Sweepstakes Scam Email:
"MR. WALTER MORGAN", "Mr Matthew Chuck"
Have you received an email from "MR. WALTER MORGAN" at "HOT LOTTO" telling you that "your
email address won in the second category" or something similar, and to
contact "Mr Matthew Chuck" to collect your winnings? It is a
scam. No legitimate, legal lottery notifies winners via email (see footnote) The scammers may
change the names and details, but it is still a scam!
Below is another example of a fake lottery; this email claims to
be from the "HOT LOTTO".
Although the most important clue is that no legitimate
lottery will ever email a winner, there are many other signs that this is a fraud.
highlighted some of these in the email below, not the least
of which are:
Email address ballot: There is no such thing as a
"computer ballot system" or "computer email draw". No one, not even
Microsoft has a database of email addresses of the type or magnitude they
Terrible spelling, punctuation, syntax and grammar - Scammers
apparently don't know how to use spell checkers. We assume they
dropped out of school before that class. They use almost excessive and random CapItaLiZAtion.
They often can't even spell "February" or know that "22th" ought to
be "22nd". These scammers usually write at the 3rd grade level.
Being non-native English speakers, they also often get first names and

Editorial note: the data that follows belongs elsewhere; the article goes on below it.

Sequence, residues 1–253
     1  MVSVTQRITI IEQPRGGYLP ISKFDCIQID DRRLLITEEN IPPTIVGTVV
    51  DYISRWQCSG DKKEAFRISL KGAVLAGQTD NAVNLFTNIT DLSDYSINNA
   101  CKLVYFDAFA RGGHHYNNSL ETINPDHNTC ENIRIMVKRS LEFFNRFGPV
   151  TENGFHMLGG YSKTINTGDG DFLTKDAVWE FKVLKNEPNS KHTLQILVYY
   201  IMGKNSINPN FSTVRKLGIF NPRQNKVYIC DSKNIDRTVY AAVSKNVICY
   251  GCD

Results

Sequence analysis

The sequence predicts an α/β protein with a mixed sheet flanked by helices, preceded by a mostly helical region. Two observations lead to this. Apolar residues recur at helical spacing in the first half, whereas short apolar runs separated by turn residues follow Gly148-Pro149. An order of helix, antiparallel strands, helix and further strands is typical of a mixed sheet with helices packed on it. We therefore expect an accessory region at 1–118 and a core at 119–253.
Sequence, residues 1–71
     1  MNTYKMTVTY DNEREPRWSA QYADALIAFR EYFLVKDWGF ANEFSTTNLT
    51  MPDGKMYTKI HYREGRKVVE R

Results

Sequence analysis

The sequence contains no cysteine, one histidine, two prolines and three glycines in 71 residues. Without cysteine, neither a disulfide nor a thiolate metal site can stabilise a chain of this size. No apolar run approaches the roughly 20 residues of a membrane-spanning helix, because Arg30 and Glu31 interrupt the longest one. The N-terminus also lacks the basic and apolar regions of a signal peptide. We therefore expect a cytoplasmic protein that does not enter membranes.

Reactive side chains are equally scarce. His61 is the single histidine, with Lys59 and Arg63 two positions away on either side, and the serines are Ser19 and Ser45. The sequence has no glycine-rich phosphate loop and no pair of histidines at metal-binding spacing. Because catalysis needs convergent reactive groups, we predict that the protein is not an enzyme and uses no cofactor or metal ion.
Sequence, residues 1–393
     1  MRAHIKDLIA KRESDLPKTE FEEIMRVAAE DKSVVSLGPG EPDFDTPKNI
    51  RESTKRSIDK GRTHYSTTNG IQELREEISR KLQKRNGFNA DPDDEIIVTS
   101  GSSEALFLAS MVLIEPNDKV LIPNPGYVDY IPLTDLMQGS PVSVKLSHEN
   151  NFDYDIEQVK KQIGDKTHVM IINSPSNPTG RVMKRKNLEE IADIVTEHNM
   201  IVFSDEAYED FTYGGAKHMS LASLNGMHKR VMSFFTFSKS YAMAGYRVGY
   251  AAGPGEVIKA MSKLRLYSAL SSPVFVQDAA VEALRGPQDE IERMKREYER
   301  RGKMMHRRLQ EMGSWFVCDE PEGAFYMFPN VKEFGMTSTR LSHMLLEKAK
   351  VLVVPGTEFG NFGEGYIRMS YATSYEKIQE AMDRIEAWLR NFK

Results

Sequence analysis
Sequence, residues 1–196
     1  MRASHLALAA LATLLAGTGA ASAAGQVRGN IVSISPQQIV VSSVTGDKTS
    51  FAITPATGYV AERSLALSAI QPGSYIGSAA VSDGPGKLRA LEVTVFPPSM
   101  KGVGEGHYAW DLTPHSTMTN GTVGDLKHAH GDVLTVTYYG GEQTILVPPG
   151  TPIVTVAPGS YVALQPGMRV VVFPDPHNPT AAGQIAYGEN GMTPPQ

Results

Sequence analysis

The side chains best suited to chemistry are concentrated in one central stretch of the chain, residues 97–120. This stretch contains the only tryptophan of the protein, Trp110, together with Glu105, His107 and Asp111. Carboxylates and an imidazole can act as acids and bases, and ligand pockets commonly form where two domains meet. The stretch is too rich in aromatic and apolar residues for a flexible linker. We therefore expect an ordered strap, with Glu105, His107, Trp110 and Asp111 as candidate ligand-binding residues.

surnames (last names reversed), so you will frequently see names like "Mr.
SMITH JAMES.", instead of "Mr. James Smith", along with the peculiar usage
of periods (full stops) and spaces or the lack thereof. Real lotteries also proofread their emails
and look and read more professional.
Using free email account: The scammer is writing to
you from a FREE email account (Yahoo, Hotmail, Excite, AIM, Gmail, etc.). Don't you think a real organization
would use its own email, its own domain and website?
Keep Confidential - Real sweepstakes and lotteries THRIVE on
publicity - they don't want you to keep anything secret - the publicity
causes people to enter or buy more of their products. The scammer
want you to keep quiet because they don't want the police or ConsumerFraudreporting to hear about them!
Here is a typical scam sweepstakes winning notification.
Actual scam email (One example - the scammers constantly change
names, dates and addresses!):
YOU WON -$2.27 Million We are pleased to inform you of the result of
"Hot Ball: 14", which was
held on Sat Feb 17 '2007. Your e-mail address attached to e-ticket
number: 9, 10, 13,18, 29, with Prize Ref Number: PW 9590 ES 9414
prize of (TWO MILLION TWO
HUNDRED AND SEVENTY THOUSAND UNITED STATES DOLLARS). This lucky draw
came first in the 2nd Category of the Sweepstakes.
under the watchful eyes of 8,000 spectators. Your e-mail address
e-ticket number 9, 10, 13, 18, 29, was selected and; it came out
e-ballot draw from over 250,000 e-mail addresses (personal and
In order to avoid unnecessary delays with your claim, You
are requested to contact your claims clearance officer Mr Matthew
assist you with the processing of your winnings and subsequent
MR. Matthew Chuck
MR. WALTER MORGAN.
Names of Scam / Fake / Fraud Lottery
Click here for the huge list of the names of the currently identified lottery
* Re: emails of winnings. We know of only ONE exception in the world to this rule
- and if you bought a ticket from them, you would know it, and would not be